Advice for the Bride-to-be // Shower Etiquette

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Ever since I got engaged, I have been more and more interested in the etiquette of weddings and the events are associated with them. There are so many traditions and idiosyncrasies that are involved with the American wedding now-a-days, that you could easily feel overwhelmed just googling the subject. One could reference the tried and true Emily Post Etiquette book. Her books are legendary and are still used and (re)published to this day. However, trends and traditions have changed over the past 100 years and it is important to not only make sure brides and grooms follow certain rules of etiquette and tradition, but also to make sure their special day reflects their lifestyle and personalities.
 
The subject of bridal shower etiquette has come up once or twice in my conversations with close friends recently. Who should host a bridal shower? Traditionally, it has been the Maid of Honor, a close family friend or neighbor. It should never be the mother or mother-in-law nor any of the immediate family members of the bride. This, I believe is pretty common. Now this has morphed into a joint shower hosted by all the bridesmaids, or there are some instances of an aunt or non-immediate family member hosting a bridal shower. Also, the co-worker shower has become the popular bonus shower these days. If you do happen to have multiple showers, one should never invite guests to more than one shower. This translates to "I want more than one gift from you" and that could leave a bad taste in your guests mouth. If you do have multiple showers, the only duplicate guests could be your mother or bridesmaids (who are made aware that they do not need to purchase a second gift). The guest list for your shower(s) should of course be of those invited to your wedding. This also rings true for engagement parties, bachelorette parties, etc. A shower should feel more intimate, so it is important to keep the guest list to a minimum if possible.
 
As a bride, you should never ASK someone to throw you a shower. This seems as though you are asking for gifts. You should also never be overly specific with any of the details of the shower like food or decor. You can of course make polite suggestions if you are asked by the host, but never demand anything. Of course, if there is a food allergy of some sort or if you have a handicapped relative or friend that may have specific needs that is understandable.
 
As a bride, you should make sure to greet everyone and say thank you for coming. Allow the host to direct the order of events. The bride should show their appreciation towards the host with a heartfelt thank you note and or thoughtful gift. This shows that you are grateful that they have taken the time (and money) to throw a party in your honor and that they are a valued person in your life.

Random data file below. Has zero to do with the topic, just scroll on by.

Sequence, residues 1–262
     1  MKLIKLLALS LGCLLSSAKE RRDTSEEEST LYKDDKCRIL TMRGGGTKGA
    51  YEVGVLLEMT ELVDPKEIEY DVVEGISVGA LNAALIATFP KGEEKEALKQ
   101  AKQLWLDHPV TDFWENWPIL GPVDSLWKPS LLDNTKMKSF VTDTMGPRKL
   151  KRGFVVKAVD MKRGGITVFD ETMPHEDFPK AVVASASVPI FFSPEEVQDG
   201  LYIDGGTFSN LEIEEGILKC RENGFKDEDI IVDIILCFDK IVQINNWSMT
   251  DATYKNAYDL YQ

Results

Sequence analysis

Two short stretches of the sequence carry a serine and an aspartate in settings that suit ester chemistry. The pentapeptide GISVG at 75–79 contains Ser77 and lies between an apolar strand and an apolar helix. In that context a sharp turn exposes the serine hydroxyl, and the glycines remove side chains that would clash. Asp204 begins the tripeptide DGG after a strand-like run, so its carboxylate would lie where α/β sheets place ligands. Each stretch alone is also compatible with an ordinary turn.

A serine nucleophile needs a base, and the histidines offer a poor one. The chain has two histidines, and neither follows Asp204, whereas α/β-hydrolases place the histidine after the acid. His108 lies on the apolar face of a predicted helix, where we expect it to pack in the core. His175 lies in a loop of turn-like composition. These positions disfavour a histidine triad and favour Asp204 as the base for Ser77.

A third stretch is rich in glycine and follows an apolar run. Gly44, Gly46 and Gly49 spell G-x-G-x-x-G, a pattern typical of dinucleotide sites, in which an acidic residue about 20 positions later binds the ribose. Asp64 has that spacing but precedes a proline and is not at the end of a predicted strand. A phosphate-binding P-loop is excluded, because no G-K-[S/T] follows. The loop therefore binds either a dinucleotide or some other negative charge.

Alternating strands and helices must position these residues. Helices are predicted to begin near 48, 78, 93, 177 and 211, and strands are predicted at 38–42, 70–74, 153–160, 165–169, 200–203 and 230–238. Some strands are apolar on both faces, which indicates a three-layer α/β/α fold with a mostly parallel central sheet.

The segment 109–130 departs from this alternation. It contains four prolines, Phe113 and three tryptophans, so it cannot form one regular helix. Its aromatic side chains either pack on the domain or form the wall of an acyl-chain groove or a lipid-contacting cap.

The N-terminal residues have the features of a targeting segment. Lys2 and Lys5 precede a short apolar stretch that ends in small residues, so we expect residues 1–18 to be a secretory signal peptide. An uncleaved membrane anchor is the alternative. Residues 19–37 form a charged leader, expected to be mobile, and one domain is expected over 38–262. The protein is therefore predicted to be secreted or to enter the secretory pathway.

For more information on wedding etiquette, visit the following sites:

Martha Stewart Weddings

Emily Post Weddings

The Knot

Of course you can always ask your mother or grandmother what traditions are important to them and what the correct etiquette may be. Just remember that a lot has changed over the years when it comes to weddings and wedding related events. It has become more acceptable to bend some of the rules to fit your current lifestyle and values. However, there is some nostalgia connected to a lot of the traditions and etiquette when it comes to weddings and like events that makes you feel more connected to the generations before you.

As the bride, your main job is to be happy and gracious! You just have to show up and look pretty :)

TGIF y'all! (yep, I just threw in a "y'all" after all that etiquette talk)

 

3 comments

  1. Love this! There always are these sorts of questions that come up... the "who should do this for me?" type of thing. Thanks for the advice, love! :)

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  2. I'll be an August bride, so I'm loving these tips!!
    I have lots of bridal giveaways on my blog, hope you will stop by!
    www.jaxandmarbles.blogspot.com

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  3. totally agree with you on all these points!! the one rule we broke is having my mom co host the shower with my maids of honor. i wasn't getting married in my hometown and it was really the one wedding event that my mom could participate and help plan. so i was cool with it.

    i've definitely been in wedding parties where the MOH or bride wanted multiple (like 4) showers and all the bridesmaids were asked to go to all of them. no bueno. xx

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